Boring Conference 1


The Bored of Directors. The classic haven for internal ‘splunge’ politics. Now there is a Leadership symposium just for you.

The ‘Boring Conference’ embraces the failure to be interesting. I guess Powerpoint (with minimum font sizes and maximum bullet numbers) and opening jokes are mandatory. Sunday Times coverage of last year’s event in ‘Brilliantly Boring’ describes…

  • “’It’s about looking at everyday things with which we are so familiar in a new way. The theme may be boring, but the content isn’t,” said organiser James Ward, 30, who dreamt up the idea of a Boring conference last year when the “Interesting” conference was scrapped for lack of interest. Boring, on the other hand, sells. It began as a joke on Twitter but the tickets for yesterday’s event sold out within days and the biggest risk the event faces is becoming too interesting… It all looked promising. However, there was one item on the agenda that was causing concern: the locations for the Hugh Grant film About a Boy. This appeared to be straying into film buff territory, which could be construed as interesting. Ward looked uneasy. ‘Well, it’s borderline. It qualifies because of the amount of times the film is shown on ITV2. Switch on any Sunday afternoon and there’s a 50-50 chance of About a Boy being on, so it qualifies as being very familiar and something we take little notice of.’ Ward, who works in DVD distribution (“not very interesting titles”), built up his Boring movement via Twitter and, sad to say, has a reputation for being a funny and entertaining tweeter.”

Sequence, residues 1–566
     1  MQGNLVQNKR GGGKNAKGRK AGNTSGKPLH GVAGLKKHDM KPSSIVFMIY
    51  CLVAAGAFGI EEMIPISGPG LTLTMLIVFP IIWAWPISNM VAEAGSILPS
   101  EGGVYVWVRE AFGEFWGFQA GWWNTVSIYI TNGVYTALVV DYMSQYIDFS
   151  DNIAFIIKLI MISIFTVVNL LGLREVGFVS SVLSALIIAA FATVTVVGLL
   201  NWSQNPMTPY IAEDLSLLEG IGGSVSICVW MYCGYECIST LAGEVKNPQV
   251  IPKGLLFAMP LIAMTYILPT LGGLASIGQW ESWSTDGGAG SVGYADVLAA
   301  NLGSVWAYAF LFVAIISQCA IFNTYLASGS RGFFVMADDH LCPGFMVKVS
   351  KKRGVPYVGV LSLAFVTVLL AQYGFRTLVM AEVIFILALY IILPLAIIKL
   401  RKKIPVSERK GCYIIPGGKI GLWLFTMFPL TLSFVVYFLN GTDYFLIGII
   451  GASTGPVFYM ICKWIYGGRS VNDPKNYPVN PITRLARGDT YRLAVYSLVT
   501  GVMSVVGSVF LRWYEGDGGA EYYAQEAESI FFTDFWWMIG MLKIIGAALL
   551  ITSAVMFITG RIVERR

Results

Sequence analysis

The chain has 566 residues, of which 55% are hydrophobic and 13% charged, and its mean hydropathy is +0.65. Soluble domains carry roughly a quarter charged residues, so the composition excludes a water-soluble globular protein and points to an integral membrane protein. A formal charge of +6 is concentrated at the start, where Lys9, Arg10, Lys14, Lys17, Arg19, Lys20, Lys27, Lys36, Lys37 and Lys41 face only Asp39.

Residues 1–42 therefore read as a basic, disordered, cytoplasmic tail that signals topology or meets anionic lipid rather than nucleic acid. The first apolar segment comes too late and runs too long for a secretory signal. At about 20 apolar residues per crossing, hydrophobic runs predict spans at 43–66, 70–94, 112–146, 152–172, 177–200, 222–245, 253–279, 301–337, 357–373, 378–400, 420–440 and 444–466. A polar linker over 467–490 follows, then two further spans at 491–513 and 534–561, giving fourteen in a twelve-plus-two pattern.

A good technique is to feature a film clip in your presentation to illustrate a point. So for any presenters preparing, you can consult Total Film’s ‘Top 27 Most Boring Films’ (though ‘About A Boy’ didn’t even make the cut so I’m not sure how accurate it is).

The 2013 reprise takes places on 25th November and you can register here.

Not taking one’s self too seriously is a critical principle to embracing failure.


Boring Conference 2